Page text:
By Sam Morgan
(EurActiv) — Franco-German cooperation on space policy will reach new levels after the economic ministers of the two countries pledged to work together more closely on securing Europe’s independent access to the stars.
Paris and Berlin have already promised to team up on issues like electric car batteries, 5G technology and hydrogen power. Now, France and Germany are looking to the heavens for their next bout of cooperation.
According to a new political alliance launched on 10 December, the two nations want to boost the European space industry’s competitiveness and successfully conclude the Ariane 6 project, a next-generation rocket launcher.
Ariane 6 is Europe’s attempt to corner the market for putting satellites into orbit, through advanced engineering techniques that make the new rocket cheaper to build and launch. The rocket’s debut mission was delayed from 2020 to 2022.
COVID-linked issues have caused the delay, as travel restrictions have prevented engineers and technicians from proceeding along their planned timeline.
“For the first time in 15 years, we will work jointly on the future of European launchers. It will enable the space industry to become more efficient and competitive, in order to keep the EU among the world leaders in the field,” said French economy minister Bruno Le Maire.
Le Maire signed a joint declaration with his German counterpart, Peter Altmaier which also commits the two governments to working on so-called micro-launchers, capable of putting smaller payloads into orbit.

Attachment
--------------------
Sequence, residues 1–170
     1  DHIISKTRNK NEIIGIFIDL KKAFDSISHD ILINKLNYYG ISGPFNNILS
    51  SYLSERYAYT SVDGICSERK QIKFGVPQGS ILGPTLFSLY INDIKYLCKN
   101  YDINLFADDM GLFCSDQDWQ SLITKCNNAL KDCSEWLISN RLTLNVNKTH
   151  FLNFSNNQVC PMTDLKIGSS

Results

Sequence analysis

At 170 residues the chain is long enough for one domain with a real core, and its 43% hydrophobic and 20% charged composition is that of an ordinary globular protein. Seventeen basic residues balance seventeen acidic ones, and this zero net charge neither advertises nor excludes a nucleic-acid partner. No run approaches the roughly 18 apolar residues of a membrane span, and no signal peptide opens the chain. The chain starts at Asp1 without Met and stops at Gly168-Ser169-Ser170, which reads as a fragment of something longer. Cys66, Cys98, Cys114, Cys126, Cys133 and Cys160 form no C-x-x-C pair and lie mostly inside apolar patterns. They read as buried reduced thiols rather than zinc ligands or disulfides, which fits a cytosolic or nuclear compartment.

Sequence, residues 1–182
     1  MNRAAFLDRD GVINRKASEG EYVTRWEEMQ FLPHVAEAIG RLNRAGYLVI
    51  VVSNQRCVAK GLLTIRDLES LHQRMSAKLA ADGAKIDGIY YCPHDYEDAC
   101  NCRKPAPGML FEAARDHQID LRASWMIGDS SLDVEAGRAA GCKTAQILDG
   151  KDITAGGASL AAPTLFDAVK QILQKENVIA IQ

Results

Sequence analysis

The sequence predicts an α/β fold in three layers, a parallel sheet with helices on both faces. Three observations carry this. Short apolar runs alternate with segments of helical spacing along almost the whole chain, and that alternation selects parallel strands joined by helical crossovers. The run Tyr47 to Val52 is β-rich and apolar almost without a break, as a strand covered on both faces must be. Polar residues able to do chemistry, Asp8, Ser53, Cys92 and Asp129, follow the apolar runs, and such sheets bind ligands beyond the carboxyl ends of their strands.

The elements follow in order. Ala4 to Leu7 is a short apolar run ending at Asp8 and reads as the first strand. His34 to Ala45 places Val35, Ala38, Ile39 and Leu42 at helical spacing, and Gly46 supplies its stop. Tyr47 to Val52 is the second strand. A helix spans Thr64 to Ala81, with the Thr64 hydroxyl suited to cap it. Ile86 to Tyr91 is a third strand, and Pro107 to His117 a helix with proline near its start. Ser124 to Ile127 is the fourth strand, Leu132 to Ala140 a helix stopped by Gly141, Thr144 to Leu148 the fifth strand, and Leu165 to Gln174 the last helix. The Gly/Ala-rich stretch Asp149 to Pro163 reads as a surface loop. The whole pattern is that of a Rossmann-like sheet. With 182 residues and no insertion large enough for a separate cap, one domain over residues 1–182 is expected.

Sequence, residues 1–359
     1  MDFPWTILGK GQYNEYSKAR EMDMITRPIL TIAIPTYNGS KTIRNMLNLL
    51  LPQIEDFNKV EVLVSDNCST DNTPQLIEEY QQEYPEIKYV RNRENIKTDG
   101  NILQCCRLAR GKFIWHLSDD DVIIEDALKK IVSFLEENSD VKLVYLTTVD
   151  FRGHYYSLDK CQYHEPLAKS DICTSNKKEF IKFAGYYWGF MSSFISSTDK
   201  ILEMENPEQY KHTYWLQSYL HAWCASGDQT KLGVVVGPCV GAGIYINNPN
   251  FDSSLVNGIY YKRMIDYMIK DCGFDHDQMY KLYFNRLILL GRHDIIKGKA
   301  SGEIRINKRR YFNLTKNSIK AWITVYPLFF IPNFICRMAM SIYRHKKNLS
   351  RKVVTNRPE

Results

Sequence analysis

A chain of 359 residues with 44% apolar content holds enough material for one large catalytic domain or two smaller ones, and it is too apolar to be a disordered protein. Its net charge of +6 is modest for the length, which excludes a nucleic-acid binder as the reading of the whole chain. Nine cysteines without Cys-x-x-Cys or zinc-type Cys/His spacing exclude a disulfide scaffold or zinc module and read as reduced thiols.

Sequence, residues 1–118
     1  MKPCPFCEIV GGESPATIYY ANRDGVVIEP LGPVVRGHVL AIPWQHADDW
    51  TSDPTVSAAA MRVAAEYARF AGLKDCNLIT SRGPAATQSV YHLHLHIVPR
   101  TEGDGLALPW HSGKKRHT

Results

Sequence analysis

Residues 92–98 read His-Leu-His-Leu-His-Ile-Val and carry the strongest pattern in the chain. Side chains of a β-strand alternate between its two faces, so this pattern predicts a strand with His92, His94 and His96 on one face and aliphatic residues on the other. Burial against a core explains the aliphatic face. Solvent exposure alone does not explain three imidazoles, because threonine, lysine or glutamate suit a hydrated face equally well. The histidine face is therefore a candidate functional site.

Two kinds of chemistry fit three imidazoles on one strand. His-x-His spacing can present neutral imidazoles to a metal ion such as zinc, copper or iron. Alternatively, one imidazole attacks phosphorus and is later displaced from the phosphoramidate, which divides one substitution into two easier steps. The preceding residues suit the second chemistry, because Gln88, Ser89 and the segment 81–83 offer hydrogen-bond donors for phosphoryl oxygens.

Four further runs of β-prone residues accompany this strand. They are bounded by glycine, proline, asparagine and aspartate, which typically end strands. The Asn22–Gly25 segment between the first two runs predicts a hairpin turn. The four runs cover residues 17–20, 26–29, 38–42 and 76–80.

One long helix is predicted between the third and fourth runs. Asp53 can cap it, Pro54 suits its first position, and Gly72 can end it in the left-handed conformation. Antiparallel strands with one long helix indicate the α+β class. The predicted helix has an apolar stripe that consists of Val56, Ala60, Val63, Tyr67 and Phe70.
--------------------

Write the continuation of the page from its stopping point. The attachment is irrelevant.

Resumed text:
“Cooperation between European corporations in this field has to be market driven. France and German will promote cooperation in this field,” a joint statement said.
The next Director-General of the European Space Agency (ESA), Josef Aschbacher, called the alliance “excellent news”, tweeting that “space is strategic for Europe”.
Stéphane Israël, the head of Arianespace – the firm developing the Ariane 6 launcher – said that “the long lasting success of European launchers needs a strong Franco-German partnership”.
The first milestone of the new partnership will be a report by a high-level working group in mid 2021 on the most important next steps.
According to the joint declaration, a priority will be “how to prepare the future of European launchers”. That may include deciding whether or not to start work already on the Ariane 7 rocket, even though its predecessor is yet to take off.
Israël has suggested previously that Ariane 7 could be equipped with crewed launch capacity, lacking from both Ariane 5 and 6, or be developed to be reusable, along the same lines as Elon Musk’s SpaceX rockets.
A political decision at the ESA ministerial level would be needed to kick off that process and significant funding would have to be supplied. For its next long-term budget, the space agency was actually granted a larger-than-requested war-chest.
European astronauts are currently reliant on the Russian and US space programmes to reach orbit. ESA has inked long-term deals with NASA to build a new lunar space station and secure seats on a future mission to the Moon.